Have your Pie and Play with it too! – Take Me Back Tuesday remembers the Frisbee

I’m not graceful or coordinated, but I can catch a Frisbee (most of the time), and throw it straight on a good day –though I haven’t improved much since I was six-years-old. I’d spend lazy Saturdays planted in my backyard exerting all my energy to concentrate on throwing the Frisbee nice and straight only to make my dad chase it all over the yard (oops!). Years later, I still don’t have a knack for flying Frisbees or know the difference between the scoober, the hammer and the chicken wing throws; but I know a lot about the history of this flying favorite!

 

So, how did this phenomenon begin? Here is some history on the Frisbee from Frisbeedisc:

 

The founding of the famous Frisbee began with students who liked to eat pie, specifically Frisbie Pie Company pie in Bridgeport, Connecticut. In the 1920s, Yale students discovered that throwing the empty pie tin back and forth was a lot of fun (not to mention resourceful!). But, it wasn’t the ultimate founding moment.

 

The first plastic flying disk was manufactured in 1948 by Fred Morrison, a California carpenter and building inspector, who marketed his disk under the name Pipco Flyin-Saucer. Due to the American obsession with aliens, Morrison further developed his flying disk in 1957, after joining with toy manufacturer Wham-O, to create the UFO inspired Pluto Platter – the most entertaining “close encounter” at the time.

 

 

But wait… don’t forget those crazy kids on the East coast with the pie tins! Adopting the plastic Pluto Platter to replace their rustic Frisbie pie tins, these college students continued to call the flying disk after their favorite pie company – Frisbie. Consequently, Wham-O executives rallied behind the students’ enthusiasm and growing popularity for their product, changing its name to Frisbee – the product we know and love.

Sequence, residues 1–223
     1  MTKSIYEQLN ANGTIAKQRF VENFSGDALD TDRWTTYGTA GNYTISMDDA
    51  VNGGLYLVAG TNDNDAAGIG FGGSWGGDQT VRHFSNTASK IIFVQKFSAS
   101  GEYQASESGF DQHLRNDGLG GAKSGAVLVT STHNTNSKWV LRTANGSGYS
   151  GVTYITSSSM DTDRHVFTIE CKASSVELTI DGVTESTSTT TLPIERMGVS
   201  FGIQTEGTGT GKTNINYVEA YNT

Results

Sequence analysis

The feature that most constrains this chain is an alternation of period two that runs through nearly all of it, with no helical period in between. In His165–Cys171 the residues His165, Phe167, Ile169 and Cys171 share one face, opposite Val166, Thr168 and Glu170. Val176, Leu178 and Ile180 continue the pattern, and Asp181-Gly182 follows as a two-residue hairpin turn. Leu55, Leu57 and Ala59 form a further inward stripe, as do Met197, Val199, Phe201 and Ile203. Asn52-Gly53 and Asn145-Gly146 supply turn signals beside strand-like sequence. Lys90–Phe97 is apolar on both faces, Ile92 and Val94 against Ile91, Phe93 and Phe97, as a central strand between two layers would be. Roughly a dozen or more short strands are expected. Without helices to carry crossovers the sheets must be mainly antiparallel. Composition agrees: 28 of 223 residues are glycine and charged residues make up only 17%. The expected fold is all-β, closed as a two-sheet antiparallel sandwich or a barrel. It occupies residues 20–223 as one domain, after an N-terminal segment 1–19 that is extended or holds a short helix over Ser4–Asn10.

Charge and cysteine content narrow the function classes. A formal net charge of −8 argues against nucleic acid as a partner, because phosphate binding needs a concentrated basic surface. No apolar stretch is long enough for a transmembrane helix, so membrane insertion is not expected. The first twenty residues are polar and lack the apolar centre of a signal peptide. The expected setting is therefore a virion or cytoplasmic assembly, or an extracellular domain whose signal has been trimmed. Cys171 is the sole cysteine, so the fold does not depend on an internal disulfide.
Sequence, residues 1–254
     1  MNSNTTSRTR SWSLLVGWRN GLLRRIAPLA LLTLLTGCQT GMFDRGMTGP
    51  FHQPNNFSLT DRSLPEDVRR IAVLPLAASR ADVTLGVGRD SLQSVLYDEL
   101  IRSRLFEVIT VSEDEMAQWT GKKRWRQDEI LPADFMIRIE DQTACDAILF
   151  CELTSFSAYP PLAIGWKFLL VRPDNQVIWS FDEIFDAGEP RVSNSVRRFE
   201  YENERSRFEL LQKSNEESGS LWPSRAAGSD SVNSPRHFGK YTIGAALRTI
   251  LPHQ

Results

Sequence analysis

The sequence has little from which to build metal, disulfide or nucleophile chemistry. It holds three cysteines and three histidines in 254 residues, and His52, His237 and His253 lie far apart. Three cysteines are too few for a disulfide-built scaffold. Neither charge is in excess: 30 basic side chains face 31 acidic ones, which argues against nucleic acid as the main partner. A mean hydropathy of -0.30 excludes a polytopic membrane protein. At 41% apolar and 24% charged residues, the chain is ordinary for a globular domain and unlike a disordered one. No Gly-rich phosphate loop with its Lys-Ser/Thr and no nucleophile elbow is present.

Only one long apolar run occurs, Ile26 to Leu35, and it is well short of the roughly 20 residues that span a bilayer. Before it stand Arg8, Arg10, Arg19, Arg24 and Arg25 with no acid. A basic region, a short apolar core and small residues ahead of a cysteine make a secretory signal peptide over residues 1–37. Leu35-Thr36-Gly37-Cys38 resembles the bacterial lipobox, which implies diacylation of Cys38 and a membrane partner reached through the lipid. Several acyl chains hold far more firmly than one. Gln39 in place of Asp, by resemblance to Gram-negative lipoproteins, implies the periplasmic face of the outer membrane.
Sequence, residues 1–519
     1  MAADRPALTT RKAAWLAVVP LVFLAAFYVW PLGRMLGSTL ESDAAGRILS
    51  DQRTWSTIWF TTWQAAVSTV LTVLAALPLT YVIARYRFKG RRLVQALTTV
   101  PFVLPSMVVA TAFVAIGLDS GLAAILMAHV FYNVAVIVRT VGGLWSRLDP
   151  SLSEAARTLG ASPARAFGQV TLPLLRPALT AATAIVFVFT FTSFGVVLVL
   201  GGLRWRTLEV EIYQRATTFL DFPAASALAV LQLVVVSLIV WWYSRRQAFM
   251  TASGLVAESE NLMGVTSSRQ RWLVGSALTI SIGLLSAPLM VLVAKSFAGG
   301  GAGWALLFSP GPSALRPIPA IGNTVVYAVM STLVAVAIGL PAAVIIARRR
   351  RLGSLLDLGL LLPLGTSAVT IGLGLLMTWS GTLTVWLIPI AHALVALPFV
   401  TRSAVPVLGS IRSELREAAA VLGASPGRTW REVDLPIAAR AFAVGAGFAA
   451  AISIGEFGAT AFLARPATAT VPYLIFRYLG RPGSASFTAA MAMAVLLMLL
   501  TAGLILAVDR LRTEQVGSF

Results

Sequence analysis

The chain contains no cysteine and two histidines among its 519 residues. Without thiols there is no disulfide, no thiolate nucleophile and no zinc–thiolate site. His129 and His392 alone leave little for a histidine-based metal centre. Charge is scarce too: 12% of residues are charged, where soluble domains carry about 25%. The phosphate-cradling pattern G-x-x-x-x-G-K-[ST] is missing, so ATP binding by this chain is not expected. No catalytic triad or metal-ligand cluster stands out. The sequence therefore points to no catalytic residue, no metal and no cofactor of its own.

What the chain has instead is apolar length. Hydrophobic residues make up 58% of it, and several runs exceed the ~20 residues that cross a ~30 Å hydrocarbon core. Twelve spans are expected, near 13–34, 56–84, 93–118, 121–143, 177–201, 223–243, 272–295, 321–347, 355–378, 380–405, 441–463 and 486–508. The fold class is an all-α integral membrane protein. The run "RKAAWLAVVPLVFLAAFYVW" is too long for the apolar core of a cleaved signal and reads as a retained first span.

Growing in popularity with children and adults of all ages, the Frisbee has stood the test of time and morphed into an unparalleled outdoor/indoor game phenomenon, which has grown to include disc golf, Frisbee tennis, five hundred, keepings off, goaltimate, hot box, and indoor ultimate. Plus, a true testament to this plastic disks popularity, flying disk sports became a part of the World Games in Akita, Japan in 2001.

Though I missed the hype of the early introduction of all things Frisbee, I can look back and appreciate the awesome 80s approach to marketing these hi-flying toys (enjoy – the theme song is an especially nice touch):

 

 

Source Citations:
“Frisbee History.” Frisbeedisc. September 4, 2009. http://www.frisbeedisc.com/about/history.html

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